Saturday, December 9, 2006


My novel is entitled,


(see Synopsis of my novel)

My screenplay is entitled,


(see Synopsis of my screenplay)

A synopsis of my twenty short stories from the STANDING DEAD series.


January 1979 at the Slots-A-Fun casino . I live the definitive definition of casino "heat." While others wither and fall around me, my indomitable spirit can't be broken as I endure the hardships of breaking-in at one of the worst craps dealing jobs in Las Vegas.


I learn that Las Vegas, in April 1979 is still the Wild West. My nineteen shift career at the Western Casino downtown is the ultimate vantage point to watch the town's transient nature chew up and spit out two of my lesser acquaintances.


The imaginary line that separates the quality of the jobs in Vegas is examined. My first two casinos were strictly break-in houses but in May 1979, I crossed into the mainstream...albeit the bottom of the mainstream. When nearly all the table game personnel at the Holiday International are washouts (retreads) from other casinos...who do you gravitate to, when everyone is greatly flawed.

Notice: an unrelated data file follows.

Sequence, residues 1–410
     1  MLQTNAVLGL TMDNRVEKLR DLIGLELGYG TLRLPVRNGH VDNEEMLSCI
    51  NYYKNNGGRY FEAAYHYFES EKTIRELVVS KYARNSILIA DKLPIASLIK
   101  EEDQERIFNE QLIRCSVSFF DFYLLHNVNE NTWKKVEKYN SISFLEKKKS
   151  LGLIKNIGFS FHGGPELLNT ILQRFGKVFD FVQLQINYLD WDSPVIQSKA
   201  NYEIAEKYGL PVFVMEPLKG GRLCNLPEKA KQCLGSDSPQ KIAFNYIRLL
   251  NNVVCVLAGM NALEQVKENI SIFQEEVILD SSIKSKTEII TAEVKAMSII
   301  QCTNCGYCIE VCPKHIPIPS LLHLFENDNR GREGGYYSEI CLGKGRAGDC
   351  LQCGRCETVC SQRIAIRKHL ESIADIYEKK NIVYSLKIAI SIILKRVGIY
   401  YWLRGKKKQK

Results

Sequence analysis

In September 1979, fate leads me to Hotel Fremont, one of the premiere jobs downtown. There I meet the ultimate odd-couple...two "half-men" who live together as one. This job is different from my three others because each four man craps crew split their own tokes (tips). This "table-for-table" method relies on each dealer pulling his weight and soliciting tokes. But such solicitation is a fireable offense. Therefore, for someone new to the game like myself, the stress of performing and the fear of the consequences, take their toll as I tip-toe through the daily minefield of work.


People, equipment, and commands--when used properly, in conjunction with luck, can lead to employment success in Vegas. In March 1980, my parallel promotion with Eric "The Great" Norcross to the Stardust is examined. We have nearly identical credentials, however, one of us doesn't handle the people, equipment and commands as well as the other.